Funded solely by the Commonwealth Department of Health, our Helpline team provided support through
31,500 calls in 2020.
Information, tools, and resources: PANDA provides two websites with valuable information and advice for
expecting and new parents, including a free online Mental Health Checklist for Expecting and New Parents - a
self-screening tool for people to assess their wellbeing and seek professional support if necessary. PANDA’s
Checklist has struck a chord in the community since its launch in October 2018 and has now been completed
by almost 55,800 individuals. In 2020, PANDA launched a Survive and Thrive Podcast for new and expecting
parents. Every episode, PANDA speaks with a parent who has real experiences to share, and practical tips that
they’ve learned from coming out the other side. PANDA professional counsellors also deliver wellbeing tools
and strategies for practical use by listeners.
Community engagement: PANDA’s national volunteer program harnesses the voices, passion, and energy of
those who have recovered from perinatal anxiety, depression, and postnatal psychosis to raise awareness,
reduce stigma, and share a message of hope and recovery. Over the past four years, PANDA has built an
informed and engaged Community Champion Network which has now grown to over 340 members with lived
experience of perinatal mental vulnerability and illness. This Network informs our day-to-day activity, helps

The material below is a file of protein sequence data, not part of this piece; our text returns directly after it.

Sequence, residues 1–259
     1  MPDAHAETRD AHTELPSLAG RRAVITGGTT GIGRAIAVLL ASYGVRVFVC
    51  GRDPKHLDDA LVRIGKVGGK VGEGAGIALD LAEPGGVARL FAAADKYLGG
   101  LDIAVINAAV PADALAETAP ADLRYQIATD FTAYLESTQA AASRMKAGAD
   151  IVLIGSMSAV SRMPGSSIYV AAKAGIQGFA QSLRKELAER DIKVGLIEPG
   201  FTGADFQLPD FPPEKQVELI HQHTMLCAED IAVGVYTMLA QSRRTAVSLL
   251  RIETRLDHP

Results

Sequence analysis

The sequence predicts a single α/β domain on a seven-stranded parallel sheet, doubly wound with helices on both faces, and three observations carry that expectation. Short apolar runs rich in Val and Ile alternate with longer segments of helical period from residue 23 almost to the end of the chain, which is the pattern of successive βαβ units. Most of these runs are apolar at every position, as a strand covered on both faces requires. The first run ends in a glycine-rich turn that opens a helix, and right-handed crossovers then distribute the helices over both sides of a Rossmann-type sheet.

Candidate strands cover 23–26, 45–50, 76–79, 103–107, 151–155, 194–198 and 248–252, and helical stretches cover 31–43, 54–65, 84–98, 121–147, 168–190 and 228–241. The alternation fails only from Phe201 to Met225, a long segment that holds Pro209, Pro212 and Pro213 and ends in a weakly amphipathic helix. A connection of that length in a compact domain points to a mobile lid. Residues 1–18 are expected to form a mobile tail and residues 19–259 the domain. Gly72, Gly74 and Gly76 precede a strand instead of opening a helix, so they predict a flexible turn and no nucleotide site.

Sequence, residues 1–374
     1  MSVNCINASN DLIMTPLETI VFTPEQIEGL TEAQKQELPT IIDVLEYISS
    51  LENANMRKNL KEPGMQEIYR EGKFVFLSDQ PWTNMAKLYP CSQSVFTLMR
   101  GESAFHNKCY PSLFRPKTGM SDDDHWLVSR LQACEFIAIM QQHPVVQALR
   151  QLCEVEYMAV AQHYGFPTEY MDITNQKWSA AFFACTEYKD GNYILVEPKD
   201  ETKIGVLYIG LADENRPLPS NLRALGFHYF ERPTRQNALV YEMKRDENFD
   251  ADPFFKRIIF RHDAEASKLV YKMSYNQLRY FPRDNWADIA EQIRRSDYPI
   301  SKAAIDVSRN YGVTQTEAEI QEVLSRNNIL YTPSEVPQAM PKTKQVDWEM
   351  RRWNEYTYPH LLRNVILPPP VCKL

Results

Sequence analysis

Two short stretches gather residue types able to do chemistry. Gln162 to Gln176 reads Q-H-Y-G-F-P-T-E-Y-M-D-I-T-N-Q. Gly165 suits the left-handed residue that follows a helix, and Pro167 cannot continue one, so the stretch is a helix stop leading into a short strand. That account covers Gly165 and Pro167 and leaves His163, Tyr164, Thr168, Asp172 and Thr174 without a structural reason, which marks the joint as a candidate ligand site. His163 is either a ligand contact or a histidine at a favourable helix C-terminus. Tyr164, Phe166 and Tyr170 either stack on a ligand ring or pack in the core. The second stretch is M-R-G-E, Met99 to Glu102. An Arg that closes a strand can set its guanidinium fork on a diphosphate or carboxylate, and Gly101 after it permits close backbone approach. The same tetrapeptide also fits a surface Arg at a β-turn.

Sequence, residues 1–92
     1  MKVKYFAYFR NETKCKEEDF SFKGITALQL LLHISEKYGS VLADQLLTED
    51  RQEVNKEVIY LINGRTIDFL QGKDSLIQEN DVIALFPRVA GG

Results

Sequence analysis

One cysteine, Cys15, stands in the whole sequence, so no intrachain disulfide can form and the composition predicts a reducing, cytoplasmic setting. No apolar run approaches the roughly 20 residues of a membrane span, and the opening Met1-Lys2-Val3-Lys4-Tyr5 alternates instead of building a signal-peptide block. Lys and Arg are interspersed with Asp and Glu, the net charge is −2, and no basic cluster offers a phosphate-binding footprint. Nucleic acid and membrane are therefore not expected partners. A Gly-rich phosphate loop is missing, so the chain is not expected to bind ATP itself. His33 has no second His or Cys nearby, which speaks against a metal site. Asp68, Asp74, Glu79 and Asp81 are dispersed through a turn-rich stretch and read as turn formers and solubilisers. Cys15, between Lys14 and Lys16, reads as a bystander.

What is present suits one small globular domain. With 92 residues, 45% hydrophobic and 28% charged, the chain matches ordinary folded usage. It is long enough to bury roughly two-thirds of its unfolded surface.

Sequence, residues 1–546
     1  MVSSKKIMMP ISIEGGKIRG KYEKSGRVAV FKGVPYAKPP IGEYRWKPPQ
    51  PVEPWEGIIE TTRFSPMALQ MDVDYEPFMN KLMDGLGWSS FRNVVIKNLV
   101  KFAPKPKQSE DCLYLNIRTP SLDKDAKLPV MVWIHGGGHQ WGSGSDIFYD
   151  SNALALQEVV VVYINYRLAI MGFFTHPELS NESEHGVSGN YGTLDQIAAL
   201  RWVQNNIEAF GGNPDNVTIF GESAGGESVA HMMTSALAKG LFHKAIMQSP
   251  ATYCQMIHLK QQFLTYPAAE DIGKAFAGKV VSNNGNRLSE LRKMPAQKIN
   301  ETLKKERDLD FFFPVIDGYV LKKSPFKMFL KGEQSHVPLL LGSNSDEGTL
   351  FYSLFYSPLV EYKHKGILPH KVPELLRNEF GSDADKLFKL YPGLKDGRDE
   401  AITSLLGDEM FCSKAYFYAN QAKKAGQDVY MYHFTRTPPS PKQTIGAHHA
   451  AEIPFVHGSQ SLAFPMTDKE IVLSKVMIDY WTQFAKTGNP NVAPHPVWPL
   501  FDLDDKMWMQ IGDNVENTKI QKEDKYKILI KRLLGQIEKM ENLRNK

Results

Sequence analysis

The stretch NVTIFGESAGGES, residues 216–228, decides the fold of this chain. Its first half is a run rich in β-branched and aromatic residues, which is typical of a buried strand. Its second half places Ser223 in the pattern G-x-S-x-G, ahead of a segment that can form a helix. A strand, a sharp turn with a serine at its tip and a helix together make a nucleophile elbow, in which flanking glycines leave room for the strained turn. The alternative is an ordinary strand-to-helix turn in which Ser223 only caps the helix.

develop national guidance and advocates for awareness opportunities and service models. Through this
Network we firmly place lived experience at the centre of everything we do.
Training, education, and provider support: PANDA provides sought-after and valued practice support and
patient information resources to child health nurses, midwives, and other perinatal health providers across
Australia, and delivers regular professional development activities, mainly comprising one-day workshops and
in-service sessions. PANDA runs a national community of practice and a growing Clinical Champion Network
with 220 registered clinical champions.
PANDA provides online resources and training to facilitators of group programs for vulnerable and isolated
children and families. PANDA has worked tirelessly to launch the PANDA Learning Hub - an online Learning
Management System (LMS).

PERINATAL MENTAL ILLNESS IN AUSTRALIA
It is difficult to know exactly how many parents experience mental illnesses like anxiety and depression during
pregnancy and the first 12 months of their baby’s life (the perinatal period). There are several factors that
make it difficult to estimate, including differences in the way research data is collected and different ways of
defining or diagnosing mental illness. Despite this, there is agreement that mental health problems in the
perinatal period are common, can impact the health of the entire family, and are very important public health
issues.

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2020/2021 Budget Submission

Some parents experience mental health difficulties for the first time during pregnancy or early parenthood,
while others may come to pregnancy and parenting with a history of mental illness. Any mental illness present
during pregnancy or the first 12 months after birth is considered a ‘perinatal mental illness’, regardless of
whether the person has experienced the illness before.
Anxiety and depression are the most common mental health issues in the perinatal period. Until recently most
research on mental health in the perinatal period focused on depression after birth, so much less is known
about mental illness in pregnancy, anxiety, and other illnesses. This is however beginning to change, and we
are beginning to broaden our understanding of perinatal mental health.